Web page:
The following is not intended to be an offering of securities, but
rather a summary of historical investment activity.
From the start, Ohio Airships has
used a consistent methodology for financing Dynalifter
First the company develops an exciting long-term goal
or vision. Second, the company breaks down the large goal
into smaller development milestones.
Third, professional advisors estimate the
cost of producing the next milestone. And fourth,
private investors fund the milestone.
It is worth noting that the earlier
the milestone, the greater the risk was to each investor.
Imagine what it must have been like for the first investors, who
'rolled the dice' on a vision alone. With the successful
completion of each milestone however, the total project risk became exponentially smaller.
Ohio Airships owes much of its
success to the "Founders Group", a group of 47 visionaries who
invested a great deal of money and effort in bringing Dynalifter
"Roadless Trucking" to the world. Over 50% of the Founders
Group members are either business owners, lawyers, doctors,
professors, CPA's, engineers, or stockbrokers.
The following is a breakdown of the
company's previous goals and milestones:
Dynalifter Research & Development Package"
By completing this goal, the
company believed it would have all the necessary pieces in place
to attract large investments, global customers, and major
|Milestone #1: "Protect
Shortly after the idea was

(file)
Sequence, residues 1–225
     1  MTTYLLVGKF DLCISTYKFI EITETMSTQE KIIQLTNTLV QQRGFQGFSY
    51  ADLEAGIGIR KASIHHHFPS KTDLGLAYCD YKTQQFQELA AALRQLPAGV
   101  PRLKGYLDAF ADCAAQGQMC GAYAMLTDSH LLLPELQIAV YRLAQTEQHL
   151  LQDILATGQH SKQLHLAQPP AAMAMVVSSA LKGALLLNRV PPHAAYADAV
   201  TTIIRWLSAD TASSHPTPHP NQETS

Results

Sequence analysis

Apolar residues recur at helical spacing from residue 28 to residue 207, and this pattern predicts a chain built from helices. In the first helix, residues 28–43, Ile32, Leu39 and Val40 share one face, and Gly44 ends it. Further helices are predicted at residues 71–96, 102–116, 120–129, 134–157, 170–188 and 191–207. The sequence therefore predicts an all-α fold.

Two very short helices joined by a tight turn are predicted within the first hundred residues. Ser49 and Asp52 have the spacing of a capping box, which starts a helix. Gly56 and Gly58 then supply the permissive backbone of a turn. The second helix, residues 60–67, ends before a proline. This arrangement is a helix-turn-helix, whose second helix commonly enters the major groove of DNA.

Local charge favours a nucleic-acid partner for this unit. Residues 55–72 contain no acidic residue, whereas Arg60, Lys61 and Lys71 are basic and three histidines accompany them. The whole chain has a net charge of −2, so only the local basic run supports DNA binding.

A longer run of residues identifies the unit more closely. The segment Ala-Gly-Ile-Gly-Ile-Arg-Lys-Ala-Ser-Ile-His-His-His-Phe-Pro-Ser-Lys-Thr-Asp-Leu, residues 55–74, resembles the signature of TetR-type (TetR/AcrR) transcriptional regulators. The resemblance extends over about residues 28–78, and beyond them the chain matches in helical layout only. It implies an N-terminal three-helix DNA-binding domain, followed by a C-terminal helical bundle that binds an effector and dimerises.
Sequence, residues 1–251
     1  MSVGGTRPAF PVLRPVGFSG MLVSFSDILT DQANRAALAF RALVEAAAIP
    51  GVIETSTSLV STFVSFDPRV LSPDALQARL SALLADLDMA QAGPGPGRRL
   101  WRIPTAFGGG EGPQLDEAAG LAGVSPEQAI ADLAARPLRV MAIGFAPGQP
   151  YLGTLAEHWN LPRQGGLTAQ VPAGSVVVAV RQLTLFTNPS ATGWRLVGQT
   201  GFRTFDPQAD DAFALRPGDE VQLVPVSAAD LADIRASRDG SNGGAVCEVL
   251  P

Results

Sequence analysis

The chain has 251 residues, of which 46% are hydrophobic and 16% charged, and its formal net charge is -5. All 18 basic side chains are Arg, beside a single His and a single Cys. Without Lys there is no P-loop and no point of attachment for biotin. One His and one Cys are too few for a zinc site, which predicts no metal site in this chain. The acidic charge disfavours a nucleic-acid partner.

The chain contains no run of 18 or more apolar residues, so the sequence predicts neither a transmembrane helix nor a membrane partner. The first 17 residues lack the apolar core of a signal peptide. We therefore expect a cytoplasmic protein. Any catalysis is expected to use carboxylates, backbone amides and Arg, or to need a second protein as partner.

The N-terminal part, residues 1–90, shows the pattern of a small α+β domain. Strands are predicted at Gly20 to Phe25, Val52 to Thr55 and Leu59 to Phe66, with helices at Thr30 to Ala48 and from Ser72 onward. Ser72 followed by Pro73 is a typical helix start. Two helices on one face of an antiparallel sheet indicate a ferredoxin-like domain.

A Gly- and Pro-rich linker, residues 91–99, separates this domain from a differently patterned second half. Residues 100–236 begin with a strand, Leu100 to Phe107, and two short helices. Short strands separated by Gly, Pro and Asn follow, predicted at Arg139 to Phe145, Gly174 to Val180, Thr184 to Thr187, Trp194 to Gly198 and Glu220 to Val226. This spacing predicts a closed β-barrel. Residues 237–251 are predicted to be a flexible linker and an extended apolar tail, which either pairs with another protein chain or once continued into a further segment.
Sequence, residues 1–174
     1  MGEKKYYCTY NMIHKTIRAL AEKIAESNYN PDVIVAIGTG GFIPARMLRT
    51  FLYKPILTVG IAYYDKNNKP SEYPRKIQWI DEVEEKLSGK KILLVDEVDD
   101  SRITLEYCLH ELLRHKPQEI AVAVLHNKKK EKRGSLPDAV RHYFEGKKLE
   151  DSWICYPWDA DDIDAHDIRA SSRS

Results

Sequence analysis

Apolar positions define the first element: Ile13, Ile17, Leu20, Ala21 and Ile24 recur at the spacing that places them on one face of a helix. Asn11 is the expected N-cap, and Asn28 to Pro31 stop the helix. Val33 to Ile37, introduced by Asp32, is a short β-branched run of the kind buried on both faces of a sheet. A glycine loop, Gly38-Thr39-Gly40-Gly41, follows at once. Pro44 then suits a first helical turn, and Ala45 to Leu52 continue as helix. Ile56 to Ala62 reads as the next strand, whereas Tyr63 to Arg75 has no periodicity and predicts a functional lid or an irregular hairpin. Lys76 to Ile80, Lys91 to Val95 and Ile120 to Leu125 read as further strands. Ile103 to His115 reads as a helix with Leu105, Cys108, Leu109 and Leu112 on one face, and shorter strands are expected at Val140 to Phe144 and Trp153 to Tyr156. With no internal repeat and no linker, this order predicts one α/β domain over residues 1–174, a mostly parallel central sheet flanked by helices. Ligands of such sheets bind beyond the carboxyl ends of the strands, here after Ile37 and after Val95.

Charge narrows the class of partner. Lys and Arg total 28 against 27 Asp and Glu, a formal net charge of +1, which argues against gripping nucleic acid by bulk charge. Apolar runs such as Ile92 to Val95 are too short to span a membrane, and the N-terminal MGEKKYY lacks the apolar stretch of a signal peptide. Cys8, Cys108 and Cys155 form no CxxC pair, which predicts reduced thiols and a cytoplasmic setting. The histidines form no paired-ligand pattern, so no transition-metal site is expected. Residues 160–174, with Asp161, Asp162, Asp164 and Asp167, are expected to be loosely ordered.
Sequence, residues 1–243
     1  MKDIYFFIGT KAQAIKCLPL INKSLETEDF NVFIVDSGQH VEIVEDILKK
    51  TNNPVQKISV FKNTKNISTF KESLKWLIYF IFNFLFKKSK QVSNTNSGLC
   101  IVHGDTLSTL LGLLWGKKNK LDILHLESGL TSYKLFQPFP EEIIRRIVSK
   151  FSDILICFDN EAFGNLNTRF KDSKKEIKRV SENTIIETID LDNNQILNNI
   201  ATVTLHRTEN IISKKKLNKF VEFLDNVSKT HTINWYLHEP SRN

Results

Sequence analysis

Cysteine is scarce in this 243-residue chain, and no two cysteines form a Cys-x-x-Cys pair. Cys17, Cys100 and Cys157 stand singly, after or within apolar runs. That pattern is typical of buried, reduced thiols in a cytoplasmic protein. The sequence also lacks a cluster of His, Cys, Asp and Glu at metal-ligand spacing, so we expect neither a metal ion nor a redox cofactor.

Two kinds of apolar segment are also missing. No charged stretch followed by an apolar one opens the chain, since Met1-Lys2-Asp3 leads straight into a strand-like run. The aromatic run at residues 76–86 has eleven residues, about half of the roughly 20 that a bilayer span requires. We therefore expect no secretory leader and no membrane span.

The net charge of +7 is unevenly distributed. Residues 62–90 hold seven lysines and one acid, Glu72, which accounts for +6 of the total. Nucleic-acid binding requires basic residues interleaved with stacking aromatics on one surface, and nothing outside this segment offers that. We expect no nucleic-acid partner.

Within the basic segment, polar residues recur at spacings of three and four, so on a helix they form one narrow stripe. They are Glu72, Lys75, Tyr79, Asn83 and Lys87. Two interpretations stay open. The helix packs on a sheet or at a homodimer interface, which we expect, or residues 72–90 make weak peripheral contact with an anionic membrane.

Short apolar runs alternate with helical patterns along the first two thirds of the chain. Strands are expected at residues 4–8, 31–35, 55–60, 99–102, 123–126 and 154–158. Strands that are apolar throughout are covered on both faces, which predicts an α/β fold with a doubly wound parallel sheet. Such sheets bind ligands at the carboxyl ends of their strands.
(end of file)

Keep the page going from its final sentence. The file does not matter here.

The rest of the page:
conceived, advisors recommended protecting the concept with a
patent. Internal research uncovered many previous patents
for "hybrid" airplane/airships,
and one in particular which most closely resembled the Dynalifter
which was now "public domain".
Patent attorneys suggested that the
Dynalifter, because of its unique internal configuration, was
patentable, and they quoted the process. Ohio Airships then
handed this quote to several interested investors and successfully
raised the money.
After two years and three
revisions, Ohio Airships received the Dynalifter patent.
While the patent was still pending,
Ohio Airships was advised to obtain a professional endorsement of
the concept. The company believed however that it was
critical to receive endorsement from a top, industry-recognized
aeronautical engineering group, no matter what the cost would be.
After receiving quotes for
feasibility studies from three reputable "conceptual design"
firms, Ohio Airships selected Dr. Daniel Raymer's Conceptual
Research Corporation. Raymer was formerly Lockheed Martin's
Director of Advanced Design, was Rockwell's "Engineer of the
Year", and was one of the few engineers who had the courage to bet
his reputation on a radically-new concept.
Raymer's quote, while extremely
reasonable, was far beyond the capabilities of the existing
investor pool and current founders. Sure enough, a brave
investor emerged and paid for the Dynalifter general feasibility
Before beginning work, Raymer
warned Ohio Airships that his findings would be unbiased and